Thursday, 14 August 2014

Two Landscapes: A Sunset and a Storm

Claude-Joseph Vernet (Avignon, France, 14th August 1714 – Paris, France, 3rd December 1789)


Claude-Joseph Vernet by Élisabeth-Louise Vigée-Le Brun, 1778
Claude- Joseph Vernet by Élisabeth-Louise Vigée-Le Brun, 1778

On this, the anniversary of the birth of artist, Claude-Joseph Vernet, I thought the time was right to examine some of his remarkable works. The son of a painter, Vernet was noted for the beautiful landscape paintings he produced and he often exhibited contrasting works together, demonstrating the harmony and savagery of nature. Vernet lived for many years in Italy and fell in love with the world of the ocean, depicting wild storms and tranquil surfaces, with ships both in peril and safely sailing into port. These contrasts are nowhere clearer than in his series, Two Landscapes: A Sunset and a Storm.


A Shipwreck in Stormy Seas by Claude-Joseph Vernet, 1773
A Shipwreck in Stormy Seas by Claude-Joseph Vernet, 1773
In 1773, Clive of India purchased two paintings from Vernet, A Shipwreck in Stormy Seas and its companion piece, A Landscape at Sunset. Other than the nautical setting, the content of the paintings could not be more different and A Shipwreck in Stormy Seas depicts an image that would have not been unfamiliar to those who lived in coastal regions. In it we see mighty ships tossed this way and that on the violent waves as the few survivors stagger to safety on the wind-lashed rocks. It is an image that perfectly captures the fury of nature and the dangers of sea travel in the era, with the impressive vessels no match for the lightning we see striking off into the distance as the sun battles to pierce the clouds.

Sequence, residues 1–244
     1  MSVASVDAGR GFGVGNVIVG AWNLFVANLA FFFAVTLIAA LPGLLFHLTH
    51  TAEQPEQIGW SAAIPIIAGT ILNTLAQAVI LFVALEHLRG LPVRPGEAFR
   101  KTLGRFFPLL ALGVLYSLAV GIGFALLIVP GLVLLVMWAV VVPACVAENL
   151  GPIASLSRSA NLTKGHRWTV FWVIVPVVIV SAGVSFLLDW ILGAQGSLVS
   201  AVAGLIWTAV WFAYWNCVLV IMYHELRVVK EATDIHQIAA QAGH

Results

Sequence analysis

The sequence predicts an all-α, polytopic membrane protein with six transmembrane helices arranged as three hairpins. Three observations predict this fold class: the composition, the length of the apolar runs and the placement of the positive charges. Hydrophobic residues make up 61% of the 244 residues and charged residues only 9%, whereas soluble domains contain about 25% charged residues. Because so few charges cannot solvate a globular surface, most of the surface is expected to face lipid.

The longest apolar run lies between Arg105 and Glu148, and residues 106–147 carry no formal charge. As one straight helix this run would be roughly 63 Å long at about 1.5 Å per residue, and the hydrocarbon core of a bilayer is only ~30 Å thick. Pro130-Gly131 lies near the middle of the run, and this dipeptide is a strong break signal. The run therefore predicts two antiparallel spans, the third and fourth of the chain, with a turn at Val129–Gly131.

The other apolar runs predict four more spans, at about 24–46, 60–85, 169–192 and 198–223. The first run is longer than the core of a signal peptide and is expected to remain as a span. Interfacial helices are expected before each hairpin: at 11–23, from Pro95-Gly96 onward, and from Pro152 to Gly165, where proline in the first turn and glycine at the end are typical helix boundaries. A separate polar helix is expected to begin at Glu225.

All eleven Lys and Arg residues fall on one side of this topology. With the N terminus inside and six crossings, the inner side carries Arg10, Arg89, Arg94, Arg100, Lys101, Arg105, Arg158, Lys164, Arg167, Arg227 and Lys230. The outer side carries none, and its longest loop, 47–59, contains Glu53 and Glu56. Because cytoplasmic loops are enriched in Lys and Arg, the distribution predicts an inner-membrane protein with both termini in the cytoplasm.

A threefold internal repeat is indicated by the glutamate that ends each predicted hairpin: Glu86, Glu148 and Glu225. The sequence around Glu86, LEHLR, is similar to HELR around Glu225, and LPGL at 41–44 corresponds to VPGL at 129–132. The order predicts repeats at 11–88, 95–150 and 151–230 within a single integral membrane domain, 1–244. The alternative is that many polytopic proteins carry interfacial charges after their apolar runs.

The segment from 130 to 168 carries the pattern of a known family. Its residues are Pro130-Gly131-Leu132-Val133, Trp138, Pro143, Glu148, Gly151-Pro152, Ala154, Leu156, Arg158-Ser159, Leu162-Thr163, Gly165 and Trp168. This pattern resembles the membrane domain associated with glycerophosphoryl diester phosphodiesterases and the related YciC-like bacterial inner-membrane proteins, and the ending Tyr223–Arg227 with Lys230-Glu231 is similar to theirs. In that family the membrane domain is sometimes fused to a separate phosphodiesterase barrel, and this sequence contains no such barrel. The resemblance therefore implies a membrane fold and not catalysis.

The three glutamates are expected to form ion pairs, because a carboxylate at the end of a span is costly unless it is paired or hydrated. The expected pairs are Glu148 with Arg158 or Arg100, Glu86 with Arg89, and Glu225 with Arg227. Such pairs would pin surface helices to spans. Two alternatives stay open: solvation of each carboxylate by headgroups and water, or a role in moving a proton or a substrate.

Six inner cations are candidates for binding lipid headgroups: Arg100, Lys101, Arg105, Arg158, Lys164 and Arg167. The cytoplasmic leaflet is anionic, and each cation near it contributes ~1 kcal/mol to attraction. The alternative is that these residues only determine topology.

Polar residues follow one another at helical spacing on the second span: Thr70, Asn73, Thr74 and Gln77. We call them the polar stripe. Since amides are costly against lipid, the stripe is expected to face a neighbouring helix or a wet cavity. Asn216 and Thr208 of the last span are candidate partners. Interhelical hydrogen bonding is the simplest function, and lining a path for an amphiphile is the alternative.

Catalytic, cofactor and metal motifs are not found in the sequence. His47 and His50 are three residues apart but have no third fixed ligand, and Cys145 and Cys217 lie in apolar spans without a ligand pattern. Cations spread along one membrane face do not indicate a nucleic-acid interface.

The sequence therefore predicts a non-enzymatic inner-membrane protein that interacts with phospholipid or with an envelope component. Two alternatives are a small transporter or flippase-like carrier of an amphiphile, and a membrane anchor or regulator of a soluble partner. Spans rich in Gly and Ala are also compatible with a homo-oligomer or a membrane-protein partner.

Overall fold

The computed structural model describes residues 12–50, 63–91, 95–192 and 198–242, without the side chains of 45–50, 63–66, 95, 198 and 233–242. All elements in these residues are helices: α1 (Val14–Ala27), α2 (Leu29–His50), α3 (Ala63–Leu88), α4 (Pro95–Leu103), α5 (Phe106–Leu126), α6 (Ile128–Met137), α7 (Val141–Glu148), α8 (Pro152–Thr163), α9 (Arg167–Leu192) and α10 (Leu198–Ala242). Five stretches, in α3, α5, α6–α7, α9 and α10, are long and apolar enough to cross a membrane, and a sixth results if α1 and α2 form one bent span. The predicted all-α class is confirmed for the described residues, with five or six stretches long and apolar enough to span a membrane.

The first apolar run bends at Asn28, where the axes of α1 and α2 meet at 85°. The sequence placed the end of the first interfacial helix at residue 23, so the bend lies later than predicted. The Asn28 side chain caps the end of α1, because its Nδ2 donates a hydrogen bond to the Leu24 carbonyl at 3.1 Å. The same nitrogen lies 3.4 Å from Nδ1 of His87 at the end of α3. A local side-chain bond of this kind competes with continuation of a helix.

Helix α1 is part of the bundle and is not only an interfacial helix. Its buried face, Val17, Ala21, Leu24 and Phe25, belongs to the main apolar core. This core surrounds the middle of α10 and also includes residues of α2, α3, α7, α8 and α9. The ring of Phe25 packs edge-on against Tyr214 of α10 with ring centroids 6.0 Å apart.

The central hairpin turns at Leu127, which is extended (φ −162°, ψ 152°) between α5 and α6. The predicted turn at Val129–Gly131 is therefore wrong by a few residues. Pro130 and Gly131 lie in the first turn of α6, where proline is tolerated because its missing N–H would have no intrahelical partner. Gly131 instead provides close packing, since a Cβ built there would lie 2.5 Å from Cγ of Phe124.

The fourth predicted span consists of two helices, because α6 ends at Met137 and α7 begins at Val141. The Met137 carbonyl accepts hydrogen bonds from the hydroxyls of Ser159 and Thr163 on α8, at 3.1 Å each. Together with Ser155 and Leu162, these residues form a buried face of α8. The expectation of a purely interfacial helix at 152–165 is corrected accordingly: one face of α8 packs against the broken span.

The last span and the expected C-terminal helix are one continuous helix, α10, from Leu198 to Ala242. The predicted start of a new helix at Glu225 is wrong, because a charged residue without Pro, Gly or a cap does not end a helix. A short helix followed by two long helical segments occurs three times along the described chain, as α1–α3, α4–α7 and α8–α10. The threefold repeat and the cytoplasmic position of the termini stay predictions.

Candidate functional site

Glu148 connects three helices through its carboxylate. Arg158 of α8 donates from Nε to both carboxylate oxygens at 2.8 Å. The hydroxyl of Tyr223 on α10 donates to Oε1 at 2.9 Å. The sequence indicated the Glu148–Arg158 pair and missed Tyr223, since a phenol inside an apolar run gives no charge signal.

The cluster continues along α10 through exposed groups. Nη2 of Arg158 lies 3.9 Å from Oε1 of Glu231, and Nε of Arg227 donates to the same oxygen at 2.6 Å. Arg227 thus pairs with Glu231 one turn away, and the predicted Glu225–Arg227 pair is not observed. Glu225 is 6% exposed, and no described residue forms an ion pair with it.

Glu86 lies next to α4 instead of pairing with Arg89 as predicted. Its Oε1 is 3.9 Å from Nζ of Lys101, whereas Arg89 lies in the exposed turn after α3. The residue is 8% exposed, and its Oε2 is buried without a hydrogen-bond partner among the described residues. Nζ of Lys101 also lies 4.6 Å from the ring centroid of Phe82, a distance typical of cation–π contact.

A Landscape at Sunset by Claude-Joseph Vernet, 1773
A Landscape at Sunset by Claude-Joseph Vernet, 1773

Contrast the violence the lightning flaring in the sky with the gentle depiction of soft sunlight on the tranquil waves depicted in its partner, A Landscape at Sunset. Here the waters are not a place of danger but of commerce and recreation, with people fishing and taking the air as the ships that appear so fragile in the storm sail majestically out of port. If this is the maritime dream then A Shipwreck in Stormy Seas is its nightmare flipside, the idea of the ocean as a source of riches depicted likewise as a source of danger.

As a lady who loves the sea, these are richly evocative works and I could study them for hours. Vernet's paintings are so rich in detail and these are only two, I heartily recommend that you seek out others!

14 comments:

Debra Brown said...

These two certainly sell one on the artist!

Madame Gilflurt said...

Aren't they glorious?

Aidan said...

I love his work,he is one of my favourite eighteenth-century artists.

Madame Gilflurt said...

His work is breathtaking!

Anonymous said...

Very beautiful -- strong and violent with very lovely coloring that speaks to me. Is it a place that is familiar?

Madame Gilflurt said...

I'm not 100% sure; I will update if I am able to find out!

M. C. Muir said...

I agree

Catherine Curzon said...

Thank you!

Obuj balok said...

Nice

Catherine Curzon said...

Thank you!

Stephen Baines said...

Thank you for introducing me to these pictures, which I had not previously seen. Much appreciated! The tranquil scene owes much to Claude Lorraine, I think, and the classical temple on the left resembles that at Stourhead, I suspect the location is a compilation. Vernet certainly knows about ships!

Catherine Curzon said...

Thank you for visiting! I'm intrigued by the thought of this being a location fashioned from several rap influence and think I might have to do some digging on this!

Aidan said...

A much under rated artist today but very sought after by British and Irish Grand Tourists in the eighteenth century.To the best of my knowledge there hasn`t been a single work on Vernet published in the English language since 1976.

Catherine Curzon said...

I believe you're right; he really was a wonderful artist, I do hope someone will fill that scholarly gap!